Chris: [00:13:58] Yeah. Yeah. And you know, like anything, I mean I, I paid developers to, to do the actual coding and I'm paying for servers to run the software and all that stuff. And you know, I look at animal rescue is like a big melting pot of skills. And my, my skill is technical and software development. So I, I bring that to the table and, you know, I'm investing to try and help to get more people involved, right? So that they can be a part of it. Um, we do welcome people. If they want to give a donation, that's great. It goes a hundred percent towards, you know, server costs and developer costs and all those other costs that go along with it. But I it's not, again, my goal is not to make money on the, on the backs of rescues and shelters and volunteers. My goal is to provide a connection and a, and a tool. Um, one of the things I'm really excited about is when I started this, my goal was to help people save time. And from, you know, rescues, they often have a person that's called the transport coordinator, right? Their job is to plan the transport from Louisiana and Massachusetts. And in the past, they used to have to go on Facebook and they'd have long email lists and they would literally be trying to manage hundreds and hundreds of emails. And I talked to some of these transport coordinators, and I said, how many transports do you plan a week? And they would tell me one or two, if they're really good, maybe three, if they're like just working 24/7. And once I launched the platform and started working with some of these guys, I asked them, I said, now how many you do do? And they do anywhere from 15 to 20 transports a week because they are so much more efficient. The software does all the work. So they're doing exactly what I would expect. They're saving more animals and that's the goal is if I can save you time, then you're going to save more animals.
James: [00:15:48] And it's all because of the logistics that you guys provide. Talk a little bit more about this concept of a social enterprise. That is not a term that I have, uh, is that, is that something that you coined?.
Chris: [00:15:58] No, no, I wish. There's actually, um, the idea of social enterprise is that is a, uh, a for-profit company that is designating a portion of their proceeds or profits to charitable purposes or community purposes.
James: [00:16:13] What are some examples that we might know? Big ones.
Chris: [00:16:17] Yeah, so a good example of a social enterprise is like Tom's shoes, right? You buy a pair, they're donating a pair to, um, places in Africa, right? To children that don't have shoes. And, you know, they're, these are companies that are being, they're recognizing that the impact that they want to have on the world. And they're, they're not just giving the money to their shareholders. They're designating um, a portion of their profits, some, some up to like 10% that goes back to their cause goes back to their community. And so that's where that term kind of comes from. Is people look at it as your non-profit or your for-profit. Well, you could still be for profit, but have a charitable purpose. And that's kind of where the, the idea of a social enterprise came from.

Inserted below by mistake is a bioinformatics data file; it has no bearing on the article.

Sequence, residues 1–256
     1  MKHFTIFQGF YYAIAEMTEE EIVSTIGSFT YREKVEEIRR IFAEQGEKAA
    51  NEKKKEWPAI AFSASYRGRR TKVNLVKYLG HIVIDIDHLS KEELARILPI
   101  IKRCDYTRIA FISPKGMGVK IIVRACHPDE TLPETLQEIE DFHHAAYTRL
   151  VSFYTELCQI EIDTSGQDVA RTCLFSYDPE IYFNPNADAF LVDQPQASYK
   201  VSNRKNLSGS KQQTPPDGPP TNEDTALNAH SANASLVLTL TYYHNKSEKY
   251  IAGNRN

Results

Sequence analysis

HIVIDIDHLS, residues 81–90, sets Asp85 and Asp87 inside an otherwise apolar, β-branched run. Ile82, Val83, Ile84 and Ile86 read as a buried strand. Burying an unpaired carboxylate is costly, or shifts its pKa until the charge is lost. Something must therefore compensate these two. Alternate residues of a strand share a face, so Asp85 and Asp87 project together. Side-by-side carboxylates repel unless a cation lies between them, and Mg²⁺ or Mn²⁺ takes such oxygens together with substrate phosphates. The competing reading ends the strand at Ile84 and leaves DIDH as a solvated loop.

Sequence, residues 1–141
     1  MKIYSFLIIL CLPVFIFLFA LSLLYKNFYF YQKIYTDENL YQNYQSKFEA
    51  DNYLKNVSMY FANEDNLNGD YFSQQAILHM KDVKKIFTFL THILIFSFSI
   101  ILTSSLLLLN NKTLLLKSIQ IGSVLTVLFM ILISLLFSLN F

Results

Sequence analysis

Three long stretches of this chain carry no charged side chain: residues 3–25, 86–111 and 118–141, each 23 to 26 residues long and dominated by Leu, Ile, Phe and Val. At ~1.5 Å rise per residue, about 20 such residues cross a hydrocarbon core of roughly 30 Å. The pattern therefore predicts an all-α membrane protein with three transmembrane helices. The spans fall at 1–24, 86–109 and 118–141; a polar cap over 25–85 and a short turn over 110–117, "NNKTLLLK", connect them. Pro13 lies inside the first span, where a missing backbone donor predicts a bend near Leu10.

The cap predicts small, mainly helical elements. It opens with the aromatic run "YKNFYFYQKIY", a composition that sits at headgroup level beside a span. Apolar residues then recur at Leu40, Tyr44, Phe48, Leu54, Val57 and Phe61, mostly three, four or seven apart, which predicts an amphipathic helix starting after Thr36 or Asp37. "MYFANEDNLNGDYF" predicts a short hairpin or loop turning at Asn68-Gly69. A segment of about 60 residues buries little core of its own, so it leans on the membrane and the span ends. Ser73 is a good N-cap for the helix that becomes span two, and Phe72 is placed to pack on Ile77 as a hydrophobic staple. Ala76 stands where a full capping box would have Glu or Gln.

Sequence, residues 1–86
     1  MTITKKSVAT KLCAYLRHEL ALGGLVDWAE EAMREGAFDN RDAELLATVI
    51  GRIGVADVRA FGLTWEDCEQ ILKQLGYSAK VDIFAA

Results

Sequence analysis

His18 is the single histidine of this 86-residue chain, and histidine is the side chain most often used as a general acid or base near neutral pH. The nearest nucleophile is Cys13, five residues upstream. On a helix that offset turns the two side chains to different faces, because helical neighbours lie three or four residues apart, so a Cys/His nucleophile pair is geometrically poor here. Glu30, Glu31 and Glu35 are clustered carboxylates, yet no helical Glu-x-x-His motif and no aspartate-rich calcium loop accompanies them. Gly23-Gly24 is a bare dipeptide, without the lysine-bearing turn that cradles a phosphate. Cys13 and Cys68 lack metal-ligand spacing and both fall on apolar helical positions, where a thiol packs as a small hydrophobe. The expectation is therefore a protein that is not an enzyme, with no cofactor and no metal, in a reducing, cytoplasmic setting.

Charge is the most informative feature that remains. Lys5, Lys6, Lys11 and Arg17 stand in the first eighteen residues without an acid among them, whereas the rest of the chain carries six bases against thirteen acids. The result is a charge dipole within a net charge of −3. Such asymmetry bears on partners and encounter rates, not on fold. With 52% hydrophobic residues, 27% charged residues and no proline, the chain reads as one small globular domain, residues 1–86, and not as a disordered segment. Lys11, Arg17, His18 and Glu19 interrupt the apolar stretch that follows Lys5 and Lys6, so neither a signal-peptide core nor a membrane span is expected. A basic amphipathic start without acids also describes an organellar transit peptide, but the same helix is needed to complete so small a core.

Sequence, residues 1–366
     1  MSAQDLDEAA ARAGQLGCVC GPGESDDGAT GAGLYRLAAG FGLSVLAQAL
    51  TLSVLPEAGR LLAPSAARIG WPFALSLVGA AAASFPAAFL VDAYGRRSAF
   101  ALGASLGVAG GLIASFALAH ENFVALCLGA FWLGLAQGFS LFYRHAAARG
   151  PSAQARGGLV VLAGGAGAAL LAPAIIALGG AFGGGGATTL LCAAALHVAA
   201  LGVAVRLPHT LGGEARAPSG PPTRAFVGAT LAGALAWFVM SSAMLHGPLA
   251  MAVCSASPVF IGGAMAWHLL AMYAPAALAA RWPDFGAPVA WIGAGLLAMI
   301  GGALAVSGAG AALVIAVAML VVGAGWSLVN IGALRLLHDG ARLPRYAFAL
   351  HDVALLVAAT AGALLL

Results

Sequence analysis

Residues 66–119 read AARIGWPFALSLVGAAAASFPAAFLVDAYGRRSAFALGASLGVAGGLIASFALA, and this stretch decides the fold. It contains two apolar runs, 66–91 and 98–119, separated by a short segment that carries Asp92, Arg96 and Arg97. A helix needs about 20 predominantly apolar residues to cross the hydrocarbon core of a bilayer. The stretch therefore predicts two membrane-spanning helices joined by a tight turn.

James: [00:17:00] So do the people that you help, the rescues that you help do, they have to be 5 0 1 C3?
Chris: [00:17:07] So we do check all of them. I don't require them to be 5 0 1 C3, um, certainly recommended. And we, we check, you know, they give us their 5 0 1 C3 paperwork, if they are. If they're not, I'm willing to work with them, usually the ones that we've accepted that are not is because it's a process, right? You've got to pull together the board, file the paperwork. So usually they're trying to get going. And so I don't want to say put them on probation or anything like that, but we say to them like, look, if you're legitimately trying to do this, we're happy to help you and let you use the software while you get established. Um, as a, as a rescue, right? That's got a legitimate, um, you know, Uh, purpose in terms of saving dogs. So it's not a hard and fast requirement, but I would tell you, 98, 99% of the organizations that are on there are a nonprofit, uh charity.